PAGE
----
What should I look for when buying a fountain pen?

Want a fountain pen but don't know where to start? Here are some things to consider…

Fountain pen
(Image credit: Getty)

Fountain pens have been in use for a very long time, with the first patent registered all the way back in 1827. With the invention of word processors, writing has changed a lot since then but one thing remains the same – fountain pens are still the preferred medium for people who prefer craftsmanship and penmanship.

The whole experience of writing with one of the best fountain pens is rewarding – purchasing one can be a luxury experience, unpacking it is exciting, and writing with it is quite unlike anything else. For a start, they require less pressure, so can reduce hand fatigue, but they also offer a smoother writing experience that's still unmatched by any other writing instrument – including Apple's butterfly keyboard.

Fountain pens are also much better from an ecological point of view, reducing waste that goes to landfill, and they’re great if you have messy handwriting – as they force you to slow down and focus on your hand movements.

So, if you’ve been sold on a fountain pen but are unsure where to start – we’re here to help with everything you need to look out for when buying a fountain pen.

Fountain pen: Design, Size and Weight

A quality fountain pen makes a real style statement in the same way a high-end watch does – so you want to make sure you’re happy with how it looks. Just like a watch or jewellery, your choice of pen says a lot about you. Are you an 18ct gold kind of person? Or unstated black or blue. While the basic concept of a fountain pen might seem pretty straightforward, there are actually a lot of cool variations to choose from. There are barrels made from a variety of materials and tip options can be tailored to suit your writing style.

You’ll also want to keep an eye on weight and dimensions when you’re searching for a fountain pen. If you’re planning on doing a lot of writing with it, you’ll want to make sure it’s comfortable to hold for long stretches of time.

You’ll also want to take durability into account when choosing a fountain pen. These are objects that can be passed down through generations, so sometimes it’s worth spending the extra money to make sure it’ll last.

Fountain pen: Nib

Next up, it’s time to choose the pointy bit – the nib – to use the official term. There are super fine nibs that range from XF through to broader options right up to 2B. The former is a good bet for finer, small handwriting while the latter is suitable for a more flamboyant style.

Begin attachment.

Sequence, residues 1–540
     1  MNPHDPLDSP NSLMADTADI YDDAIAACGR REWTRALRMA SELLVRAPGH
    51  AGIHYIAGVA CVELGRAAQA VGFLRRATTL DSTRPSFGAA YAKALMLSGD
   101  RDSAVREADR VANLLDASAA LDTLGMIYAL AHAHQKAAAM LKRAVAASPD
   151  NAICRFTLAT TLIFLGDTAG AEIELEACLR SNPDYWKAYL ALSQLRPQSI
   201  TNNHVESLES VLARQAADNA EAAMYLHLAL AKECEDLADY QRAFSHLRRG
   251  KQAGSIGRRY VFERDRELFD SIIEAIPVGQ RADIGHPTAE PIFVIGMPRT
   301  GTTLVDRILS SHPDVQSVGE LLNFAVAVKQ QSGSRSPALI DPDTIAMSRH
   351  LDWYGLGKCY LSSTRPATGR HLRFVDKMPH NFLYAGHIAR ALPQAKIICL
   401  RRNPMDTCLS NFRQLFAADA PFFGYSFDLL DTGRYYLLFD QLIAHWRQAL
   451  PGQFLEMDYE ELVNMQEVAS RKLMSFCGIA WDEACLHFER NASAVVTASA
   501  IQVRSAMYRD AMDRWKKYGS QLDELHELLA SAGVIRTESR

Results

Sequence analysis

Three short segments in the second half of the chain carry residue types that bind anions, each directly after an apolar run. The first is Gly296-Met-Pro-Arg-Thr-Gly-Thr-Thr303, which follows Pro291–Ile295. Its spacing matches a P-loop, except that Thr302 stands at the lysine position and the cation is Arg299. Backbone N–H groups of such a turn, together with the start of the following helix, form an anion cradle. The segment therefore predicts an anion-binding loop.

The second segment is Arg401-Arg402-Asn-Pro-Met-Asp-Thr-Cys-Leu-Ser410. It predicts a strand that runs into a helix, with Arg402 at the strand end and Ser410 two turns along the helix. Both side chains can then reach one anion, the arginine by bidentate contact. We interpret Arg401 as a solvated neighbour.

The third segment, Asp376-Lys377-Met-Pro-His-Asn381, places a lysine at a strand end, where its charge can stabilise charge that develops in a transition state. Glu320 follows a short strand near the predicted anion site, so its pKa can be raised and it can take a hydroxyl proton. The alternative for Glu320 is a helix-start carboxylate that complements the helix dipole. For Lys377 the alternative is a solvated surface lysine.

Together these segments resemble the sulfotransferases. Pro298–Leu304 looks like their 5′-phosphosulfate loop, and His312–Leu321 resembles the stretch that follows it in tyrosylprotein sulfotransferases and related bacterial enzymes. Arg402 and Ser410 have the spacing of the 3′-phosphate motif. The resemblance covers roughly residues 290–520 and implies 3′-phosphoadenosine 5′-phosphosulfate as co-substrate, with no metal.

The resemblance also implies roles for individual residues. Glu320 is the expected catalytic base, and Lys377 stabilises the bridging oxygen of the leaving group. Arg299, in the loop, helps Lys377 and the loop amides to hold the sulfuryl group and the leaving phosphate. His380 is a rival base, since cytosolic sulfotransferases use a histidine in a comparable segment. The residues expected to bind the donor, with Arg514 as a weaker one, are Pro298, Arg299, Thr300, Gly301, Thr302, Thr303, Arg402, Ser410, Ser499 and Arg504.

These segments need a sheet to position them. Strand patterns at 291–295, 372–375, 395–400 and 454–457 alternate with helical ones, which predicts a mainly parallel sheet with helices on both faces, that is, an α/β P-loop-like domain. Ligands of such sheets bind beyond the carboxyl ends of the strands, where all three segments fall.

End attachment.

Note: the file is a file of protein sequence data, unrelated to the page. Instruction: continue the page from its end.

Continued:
Most fountain pens come fitted with a medium grade nib from the manufacturer, and for most people, this is an ideal thickness.

Nibs also come in a range of different materials, depending on the cost of the pen and how long you want it to last. Two of the most common nib materials are steel and gold. 

Steel nibs tend to, obviously, be more affordable, although that certainly doesn’t mean they lack quality. 

For added luxury, however, you want a gold nib. These tend to be of superior quality and will feel softer, more comfortable and more expressive.

Fountain pen: Brand

One of your first introductions to fountain pens is probably with Parker – one of the go-to brands when it comes to affordable options. It's a great place to start, especially if you want to test the waters before investing in a premium model.

You can then start exploring more brands. Some of the biggest names include Caran d'Ache, Montblanc and Cross.

Trying out a number of different brands means you can find a fountain pen that suits not only your style but one that also fits in terms of ergonomics.

Liked this? Now take your newfound knowledge and check out T3's best fountain pen guide.

Spencer Hart
Style and Travel Editor

As the Style and Travel Editor at T3, Spencer covers everything from clothes to cars and watches to hotels. Everything that's cool, stylish, and interesting, basically. He's been a part of T3 for over seven years, and in that time covered every industry event known to man, from CES and MWC to the Geneva Motorshow and Baselworld. When he's driving up and down the country in search of the greatest driving roads, he can be found messing around on an electric scooter, playing with luxury watches, or testing the latest fragrances.